Aside from beautiful sandy beaches, Southern Cebu is a haven for some of the country’s most magnificent and pristine waterfalls, each with its own unique characteristic and grandeur. Many of these natural wonders are left in their pristine state even if they have become quite popular among Cebuanos. The mighty Inambakan Falls in the municipality in Ginatilan is one of these must-visit natural treasures. The waterfall is our jump-off point and our first destination in this early-year adventure.
After meeting Sir Ruel, a few freelancers, and the Body and Soul Outdoors (BASO) group at the Cebu South Bus Terminal early in the morning of January 10, 2015, we took the 5AM bus to Ginatilan. The sun was already bright and shining by the time we reached the municipality of Alegria.
As we cruised along the scenic Cebu southeastern coastal road that faces the azure Tanon Strait, we saw a beautiful, sunny, slightly cloudy sky with a bit of strong wind. Yes, you guessed it; it’s a great day to climb!
After three hours on the road, we finally arrived at the quaint and quiet town of Ginatilan, a fifth class municipality in Southern Cebu. Check out their main avenue; it’s totally devoid of trash. Our cities should emulate this town—clean, green, and friendly.
We headed straight to their market to have a huge breakfast, buy packed lunch and ingredients, and do some last-minute shopping. Sweetie and I bought fried pork and sauteed vegetables for lunch.
The Town of Ginatilan
Three guys who weren’t able to catch the bus with us sent a text message to Sir Ruel that they were on their way. Sweetie and I used the extra time to do an impromptu side trip around the Ginatilan town center.
First stop was their plaza, a common community area—a town square, in other words—in almost every town and city in the Philippines. Plazas were introduced by our Spanish colonizers way back in the 17th century, and each one is typically surrounded by three institutions: the cathedral, the cabildo (or administrative center), and the audiencia (or law court).
Like a thumb mark, each plaza is unique. Ginatilan’s distinguishing features are its lighthouse and proximity to the coast; the plaza teeters along an embankment which faces Tanon Strait. Rails and posts along the ledge help prevent people from falling over the edge.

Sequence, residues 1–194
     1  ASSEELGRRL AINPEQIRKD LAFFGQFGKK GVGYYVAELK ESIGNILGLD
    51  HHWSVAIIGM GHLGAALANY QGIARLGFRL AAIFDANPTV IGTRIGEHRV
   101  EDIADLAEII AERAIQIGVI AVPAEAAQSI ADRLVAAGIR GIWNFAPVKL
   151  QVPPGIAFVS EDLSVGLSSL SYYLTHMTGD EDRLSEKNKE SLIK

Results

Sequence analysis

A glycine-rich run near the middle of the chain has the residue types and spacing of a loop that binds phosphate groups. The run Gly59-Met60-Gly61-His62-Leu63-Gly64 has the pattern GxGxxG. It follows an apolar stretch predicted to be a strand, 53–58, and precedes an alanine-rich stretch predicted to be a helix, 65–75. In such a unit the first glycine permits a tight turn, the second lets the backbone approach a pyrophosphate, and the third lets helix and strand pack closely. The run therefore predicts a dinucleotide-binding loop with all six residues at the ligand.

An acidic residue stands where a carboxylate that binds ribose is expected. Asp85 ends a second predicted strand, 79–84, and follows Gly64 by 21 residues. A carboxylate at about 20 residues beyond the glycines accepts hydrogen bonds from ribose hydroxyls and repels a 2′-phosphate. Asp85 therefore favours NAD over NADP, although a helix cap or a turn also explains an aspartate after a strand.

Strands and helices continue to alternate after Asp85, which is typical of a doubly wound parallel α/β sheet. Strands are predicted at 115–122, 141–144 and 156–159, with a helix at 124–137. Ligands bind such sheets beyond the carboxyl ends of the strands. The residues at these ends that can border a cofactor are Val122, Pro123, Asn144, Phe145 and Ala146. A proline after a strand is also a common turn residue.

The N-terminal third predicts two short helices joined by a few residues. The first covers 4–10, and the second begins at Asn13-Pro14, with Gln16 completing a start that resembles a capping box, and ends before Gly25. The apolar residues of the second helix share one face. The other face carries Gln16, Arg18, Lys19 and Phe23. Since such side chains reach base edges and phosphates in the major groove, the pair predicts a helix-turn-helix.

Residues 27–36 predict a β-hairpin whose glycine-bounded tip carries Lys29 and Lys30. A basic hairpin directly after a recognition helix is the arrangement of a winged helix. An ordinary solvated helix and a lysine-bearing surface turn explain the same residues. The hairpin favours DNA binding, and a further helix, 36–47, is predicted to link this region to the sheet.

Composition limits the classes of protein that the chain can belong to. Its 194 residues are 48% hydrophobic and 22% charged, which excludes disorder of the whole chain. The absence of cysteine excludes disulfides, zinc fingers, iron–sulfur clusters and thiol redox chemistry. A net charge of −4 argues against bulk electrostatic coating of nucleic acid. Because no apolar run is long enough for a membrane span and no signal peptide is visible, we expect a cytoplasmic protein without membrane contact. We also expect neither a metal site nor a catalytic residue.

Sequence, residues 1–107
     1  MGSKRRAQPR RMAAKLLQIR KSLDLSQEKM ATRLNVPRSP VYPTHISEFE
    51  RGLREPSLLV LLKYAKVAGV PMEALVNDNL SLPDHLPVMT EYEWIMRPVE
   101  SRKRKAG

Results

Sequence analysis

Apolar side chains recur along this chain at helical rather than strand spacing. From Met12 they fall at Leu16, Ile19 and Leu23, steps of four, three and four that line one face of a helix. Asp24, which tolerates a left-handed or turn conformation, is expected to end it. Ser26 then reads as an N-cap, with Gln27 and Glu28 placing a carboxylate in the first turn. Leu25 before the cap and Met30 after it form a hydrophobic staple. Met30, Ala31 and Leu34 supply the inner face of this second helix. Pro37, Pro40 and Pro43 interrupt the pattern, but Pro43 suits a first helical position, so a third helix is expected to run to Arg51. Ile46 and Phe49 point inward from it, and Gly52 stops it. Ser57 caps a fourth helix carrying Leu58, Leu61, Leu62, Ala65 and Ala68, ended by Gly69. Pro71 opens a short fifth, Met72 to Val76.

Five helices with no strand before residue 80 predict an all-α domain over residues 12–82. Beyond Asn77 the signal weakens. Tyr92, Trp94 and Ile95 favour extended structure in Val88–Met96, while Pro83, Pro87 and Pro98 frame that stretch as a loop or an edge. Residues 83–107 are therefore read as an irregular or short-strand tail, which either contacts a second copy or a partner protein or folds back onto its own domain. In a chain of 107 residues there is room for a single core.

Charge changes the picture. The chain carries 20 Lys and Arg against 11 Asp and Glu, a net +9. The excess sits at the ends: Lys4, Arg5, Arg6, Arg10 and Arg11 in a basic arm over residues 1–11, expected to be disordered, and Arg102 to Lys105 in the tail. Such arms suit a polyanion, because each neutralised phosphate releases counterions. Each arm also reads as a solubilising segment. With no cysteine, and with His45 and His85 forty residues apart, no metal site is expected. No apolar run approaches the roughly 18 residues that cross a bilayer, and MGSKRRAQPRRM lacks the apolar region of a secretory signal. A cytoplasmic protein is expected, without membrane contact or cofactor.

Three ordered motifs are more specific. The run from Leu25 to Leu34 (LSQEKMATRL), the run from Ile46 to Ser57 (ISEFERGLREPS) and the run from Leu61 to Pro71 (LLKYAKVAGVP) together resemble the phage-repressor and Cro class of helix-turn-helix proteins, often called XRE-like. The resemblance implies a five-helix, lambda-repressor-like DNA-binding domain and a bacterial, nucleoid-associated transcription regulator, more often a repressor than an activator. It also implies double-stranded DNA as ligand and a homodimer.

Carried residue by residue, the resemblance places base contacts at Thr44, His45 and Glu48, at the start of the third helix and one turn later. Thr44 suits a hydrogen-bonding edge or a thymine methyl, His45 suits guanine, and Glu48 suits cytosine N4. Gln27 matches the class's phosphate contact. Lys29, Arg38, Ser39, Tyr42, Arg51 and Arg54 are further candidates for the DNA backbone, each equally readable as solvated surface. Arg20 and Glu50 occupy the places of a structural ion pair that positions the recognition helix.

Ginatilan’s modern lighthouse has beacons and monitoring systems to warn marine vessels that stray too close to the shallow shore.
The sound of waves crashing to the shore was very pleasant and calming to the ears. The wind was stronger than usual, so the surf was up. Nice day for skimboarding, don’t you think?
The main parish of Ginatilan is St. Gregory the Great Parish Church, which was constructed in February 2, 1829. Featuring baroque architecture, the church, which was originally a modest chapel, is made of meticulously cut coral stone and held by mortar. It gained parochial status in 1847.
We love old stone churches like this as they take us to the past. It was still closed when we got there, so we weren’t able to take interior shots.
Across the parish is this large stone wall with the label Puerta de la Marina. In the past, this might be a sturdy wall meant to protect the town from pirates and invaders. Sadly, it’s now a shadow of its former self.
We should protect cultural and historical structures like these.
This 18th century building may have once housed the audiencia or the cabildo in the past. Nowadays, the building still stands and is used as a municipal hall and a police station.
After an hour, the last three guys arrived, which meant that it was time to depart for our first destination of this adventure. Check out their habal-habals; they’re large and powerful which makes them ideal to ride up the mountainous areas of the municipality.
Best of all, their drivers have ingeniously welded wrought iron steps, which makes our ride quite comfortable and less strenuous on our lower limbs.
It took us around a quarter of an hour to reach our jump-off point from the town proper. We disembarked from our habal-habals, paid the entrance fee, and proceeded down the cemented steps which led most of the way to our first destination.
Just check out that beautiful river. The water is so clean and clear that you can spot individual stones at the bottom. Just be careful as you trek here as the trail is quite wet and slippery.
Flowing water from the source cascades down and around large boulders on their way to the sea. The rushing water is definitely a sight—and sound—to behold. Mother Nature never fails to mesmerize us.
As we walked down the trail, which seemed to get wetter and muddier, the sound of water crashing down a pool became louder and more prominent. Then rounding a bend, we had our first glimpse of our awesome destination, the mighty Inambakan Falls.
Locals placed these cottages for visitors to use. We couldn’t find a sign that states the rental rates. No one charged us when we sat down for a few minutes to reposition the contents of our packs when we left the waterfall.
However, we are assuming that a regular caretaker collects a minimal fee for those who spend a considerable amount of time in these cottages.